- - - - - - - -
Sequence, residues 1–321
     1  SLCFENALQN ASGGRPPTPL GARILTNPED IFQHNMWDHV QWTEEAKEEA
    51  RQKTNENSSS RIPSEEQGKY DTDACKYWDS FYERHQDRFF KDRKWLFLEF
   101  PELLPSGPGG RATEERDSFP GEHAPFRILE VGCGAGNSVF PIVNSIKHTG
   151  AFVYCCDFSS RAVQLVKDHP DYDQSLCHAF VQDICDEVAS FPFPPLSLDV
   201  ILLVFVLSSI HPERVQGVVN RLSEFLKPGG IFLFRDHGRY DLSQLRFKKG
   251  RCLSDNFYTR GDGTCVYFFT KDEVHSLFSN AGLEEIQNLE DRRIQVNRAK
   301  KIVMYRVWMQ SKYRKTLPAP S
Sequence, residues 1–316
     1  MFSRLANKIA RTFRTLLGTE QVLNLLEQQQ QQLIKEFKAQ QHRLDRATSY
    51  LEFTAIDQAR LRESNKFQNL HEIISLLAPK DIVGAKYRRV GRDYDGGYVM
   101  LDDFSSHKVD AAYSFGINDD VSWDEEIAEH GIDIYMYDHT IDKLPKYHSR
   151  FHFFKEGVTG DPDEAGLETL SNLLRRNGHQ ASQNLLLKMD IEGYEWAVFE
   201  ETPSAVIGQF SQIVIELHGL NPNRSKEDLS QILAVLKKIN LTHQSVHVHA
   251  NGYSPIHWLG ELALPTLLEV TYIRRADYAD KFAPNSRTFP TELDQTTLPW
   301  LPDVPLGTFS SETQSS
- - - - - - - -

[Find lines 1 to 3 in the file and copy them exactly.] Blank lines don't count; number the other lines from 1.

Sequence, residues 1–321
     1  SLCFENALQN ASGGRPPTPL GARILTNPED IFQHNMWDHV QWTEEAKEEA
    51  RQKTNENSSS RIPSEEQGKY DTDACKYWDS FYERHQDRFF KDRKWLFLEF